Under an undulating glass canopy and a sky full of stars, violist Hank Dutt is bowing his way through the oscillations of a piece by Ottoman composer Tanburi Cemil Bey. Or is it his fellow Kronos Quartet member John Sherba on the violin next to him? Artificial intelligence algorithms tracking their facial expressions and body language can’t seem to make up their mind in projections displayed on a large screen behind the musicians. They also think Dutt is 77.6% male.
Trevor Paglen, whose Sight Machine collaboration with the innovative quartet was recently performed in Washington, thinks that’s especially sinister. Tracking the musicians in real-time using neural nets, the AI code classifies them as either male or female, in a very binary vision of the world. “If the algorithm is saying that she’s 65% female, then somebody who wrote that algorithm decided there’s such a thing as 100% female, and who is the 100% female?Is it Barbie, or is it Grace Jones or is it Angela Merkel?” Paglen asks.
But the comical errors of computer vision also earn some laughs when the video coupled with Raymond Scott’s Powerhouse tries to caption the scene. Is that a pair of scissors or a cello that Sunny Yang is holding? Is she 20 percent sad or 36 percent disgusted? In essence we are watching what machines see when they look at human interactions. The result is almost as ludicrous as the frenetic assembly lines Scott’s piece often accompanies in animated cartoons. The tone is dramatically different in George Crumb’s bone-chilling God-music from his Vietnam War protest piece Black Angels (1970), where the violinists and violists trade their instruments for a series of crystal water glasses across which they bow. As they play, an algorithm meant to track their movements between frames produces a colourful display.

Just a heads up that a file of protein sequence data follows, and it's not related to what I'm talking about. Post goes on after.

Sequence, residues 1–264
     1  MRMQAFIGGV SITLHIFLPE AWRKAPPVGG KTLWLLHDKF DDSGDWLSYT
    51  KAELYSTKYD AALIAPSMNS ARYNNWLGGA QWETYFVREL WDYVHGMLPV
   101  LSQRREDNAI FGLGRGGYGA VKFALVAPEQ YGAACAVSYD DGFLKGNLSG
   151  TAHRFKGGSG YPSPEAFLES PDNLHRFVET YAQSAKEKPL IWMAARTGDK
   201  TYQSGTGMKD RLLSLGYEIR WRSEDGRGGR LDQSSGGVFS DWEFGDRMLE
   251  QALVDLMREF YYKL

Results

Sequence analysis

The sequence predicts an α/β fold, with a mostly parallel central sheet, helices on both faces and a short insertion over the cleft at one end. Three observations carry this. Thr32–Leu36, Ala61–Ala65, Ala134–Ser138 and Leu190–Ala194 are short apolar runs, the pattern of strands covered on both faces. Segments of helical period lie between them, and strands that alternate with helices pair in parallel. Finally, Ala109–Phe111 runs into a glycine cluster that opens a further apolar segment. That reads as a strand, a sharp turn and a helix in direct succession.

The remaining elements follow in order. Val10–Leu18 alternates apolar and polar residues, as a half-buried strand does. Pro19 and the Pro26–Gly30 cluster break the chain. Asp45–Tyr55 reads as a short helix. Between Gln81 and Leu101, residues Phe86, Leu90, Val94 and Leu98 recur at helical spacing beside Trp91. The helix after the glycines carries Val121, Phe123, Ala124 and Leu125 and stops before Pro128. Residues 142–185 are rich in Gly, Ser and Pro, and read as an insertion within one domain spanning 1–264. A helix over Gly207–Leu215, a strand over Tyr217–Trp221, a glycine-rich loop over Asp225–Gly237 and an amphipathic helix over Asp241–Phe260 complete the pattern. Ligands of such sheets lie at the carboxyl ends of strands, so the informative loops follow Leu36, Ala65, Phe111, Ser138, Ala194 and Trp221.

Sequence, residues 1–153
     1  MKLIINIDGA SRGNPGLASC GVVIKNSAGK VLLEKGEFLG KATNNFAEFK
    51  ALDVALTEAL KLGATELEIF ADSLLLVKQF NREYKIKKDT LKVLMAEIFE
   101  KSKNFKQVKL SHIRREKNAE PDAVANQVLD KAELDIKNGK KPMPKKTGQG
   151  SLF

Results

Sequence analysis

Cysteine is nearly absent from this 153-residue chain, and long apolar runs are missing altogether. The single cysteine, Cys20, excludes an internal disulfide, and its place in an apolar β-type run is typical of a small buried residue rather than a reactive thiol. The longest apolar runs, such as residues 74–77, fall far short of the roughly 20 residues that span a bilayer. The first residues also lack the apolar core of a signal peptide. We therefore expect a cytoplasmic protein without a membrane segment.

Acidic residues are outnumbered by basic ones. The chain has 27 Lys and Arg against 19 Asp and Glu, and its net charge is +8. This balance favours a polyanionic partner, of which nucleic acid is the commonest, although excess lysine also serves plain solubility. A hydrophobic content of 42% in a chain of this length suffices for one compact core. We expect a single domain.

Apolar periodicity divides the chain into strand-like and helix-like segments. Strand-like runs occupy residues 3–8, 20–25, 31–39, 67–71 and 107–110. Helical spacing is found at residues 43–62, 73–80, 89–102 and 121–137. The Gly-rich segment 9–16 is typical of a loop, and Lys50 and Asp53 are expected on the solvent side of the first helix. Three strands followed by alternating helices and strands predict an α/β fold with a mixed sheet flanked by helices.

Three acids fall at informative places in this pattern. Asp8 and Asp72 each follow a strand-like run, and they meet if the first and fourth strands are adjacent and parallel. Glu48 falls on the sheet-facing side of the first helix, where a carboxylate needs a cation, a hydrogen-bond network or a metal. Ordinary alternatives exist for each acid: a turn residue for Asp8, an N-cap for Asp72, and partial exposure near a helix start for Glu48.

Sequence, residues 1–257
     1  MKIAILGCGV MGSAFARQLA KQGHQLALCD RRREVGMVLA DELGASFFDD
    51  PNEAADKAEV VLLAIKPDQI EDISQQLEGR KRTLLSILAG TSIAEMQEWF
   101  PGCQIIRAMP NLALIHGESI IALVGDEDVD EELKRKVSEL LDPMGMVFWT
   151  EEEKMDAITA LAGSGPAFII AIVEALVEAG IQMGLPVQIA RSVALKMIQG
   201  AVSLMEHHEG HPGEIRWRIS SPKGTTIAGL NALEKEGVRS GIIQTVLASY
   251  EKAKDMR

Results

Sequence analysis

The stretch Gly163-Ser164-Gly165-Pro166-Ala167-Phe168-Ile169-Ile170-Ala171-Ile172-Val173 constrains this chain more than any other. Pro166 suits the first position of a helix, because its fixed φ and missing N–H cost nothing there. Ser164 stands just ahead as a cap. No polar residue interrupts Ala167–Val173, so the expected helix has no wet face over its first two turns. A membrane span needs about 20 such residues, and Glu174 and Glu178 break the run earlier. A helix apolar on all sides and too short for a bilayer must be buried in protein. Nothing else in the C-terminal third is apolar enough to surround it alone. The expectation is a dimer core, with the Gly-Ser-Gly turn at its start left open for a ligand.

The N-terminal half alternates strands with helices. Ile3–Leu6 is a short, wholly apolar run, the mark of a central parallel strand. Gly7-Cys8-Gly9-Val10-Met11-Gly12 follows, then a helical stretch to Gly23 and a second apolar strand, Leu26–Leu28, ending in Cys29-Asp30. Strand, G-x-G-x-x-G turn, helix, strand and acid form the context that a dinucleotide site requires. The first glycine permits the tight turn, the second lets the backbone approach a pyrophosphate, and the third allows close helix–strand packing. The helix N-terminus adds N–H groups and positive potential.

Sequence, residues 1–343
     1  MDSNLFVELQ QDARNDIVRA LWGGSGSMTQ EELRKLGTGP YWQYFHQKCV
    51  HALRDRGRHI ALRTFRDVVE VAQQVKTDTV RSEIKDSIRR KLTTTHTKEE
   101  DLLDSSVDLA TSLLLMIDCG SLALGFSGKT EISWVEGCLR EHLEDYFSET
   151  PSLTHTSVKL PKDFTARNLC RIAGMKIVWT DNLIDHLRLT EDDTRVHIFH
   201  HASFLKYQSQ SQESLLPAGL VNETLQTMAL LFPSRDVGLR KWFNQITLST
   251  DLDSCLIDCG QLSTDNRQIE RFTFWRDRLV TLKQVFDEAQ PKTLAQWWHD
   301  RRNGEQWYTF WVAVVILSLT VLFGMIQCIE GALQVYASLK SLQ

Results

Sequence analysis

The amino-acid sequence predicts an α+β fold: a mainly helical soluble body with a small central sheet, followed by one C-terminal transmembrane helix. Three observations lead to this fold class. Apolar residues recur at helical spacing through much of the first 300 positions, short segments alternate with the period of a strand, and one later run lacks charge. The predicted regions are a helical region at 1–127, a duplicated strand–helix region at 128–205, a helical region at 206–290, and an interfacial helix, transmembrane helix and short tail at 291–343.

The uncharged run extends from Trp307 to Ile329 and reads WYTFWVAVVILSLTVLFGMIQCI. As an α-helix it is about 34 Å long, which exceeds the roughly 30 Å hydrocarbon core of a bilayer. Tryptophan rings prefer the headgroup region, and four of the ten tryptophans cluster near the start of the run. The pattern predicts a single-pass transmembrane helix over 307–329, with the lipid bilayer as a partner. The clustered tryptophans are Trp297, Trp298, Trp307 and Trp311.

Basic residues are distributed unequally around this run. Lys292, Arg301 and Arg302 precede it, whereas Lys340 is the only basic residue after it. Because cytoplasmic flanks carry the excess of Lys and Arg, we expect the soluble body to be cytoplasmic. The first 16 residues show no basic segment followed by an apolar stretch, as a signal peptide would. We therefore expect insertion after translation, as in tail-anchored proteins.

Paglen doesn’t believe in progress as a concept. As someone who spends his life probing mass surveillance, data detection and government secrecy, the underbelly of technological advances is very dark indeed. “I don’t think about progress, I just think about what kinds of technologies are built to amplify what sorts of social and economic and political dynamics, and what dynamics are amplified by them and at whose expense they come,” Paglen says in an interview. “To me, that’s the question.”
Perhaps that tension is best illustrated by Different Trains, a Steve Reich composition written especially for Kronos that closes the concert. Flashing rapidly above the musicians is a series of images used to train computers (yes, it’s a pun) in recognising various objects, human movement and gestures. It’s strangely beautiful, coupled with an optimistic beat hailing the wonders of technological advances in bringing people closer together. The second movement of Reich’s piece, not played here, looks at the flipside of these advances — how Nazi Germany exploited rail infrastructure to achieve genocidal ambitions. “That’s the kind of question we leave hanging. What could possibly go wrong with Amazon, Google and Facebook collecting as much information as they possibly can?” Paglen asks.
Sight Machine. Performed in relation to the exhibition Trevor Paglen: Sites Unseen, Smithsonian American Art Museum, Washington. Until 6 January. For more information, click here.
Travelling to the San Diego Museum of Contemporary Art (21 February – 2 June) and the Kunsthalle Wien (Autumn 2019).
1. Trevor Paglen’s Sight Machine with Kronos Quartet and Obscura Digital. Courtesy Vimeo and Obscura Digital.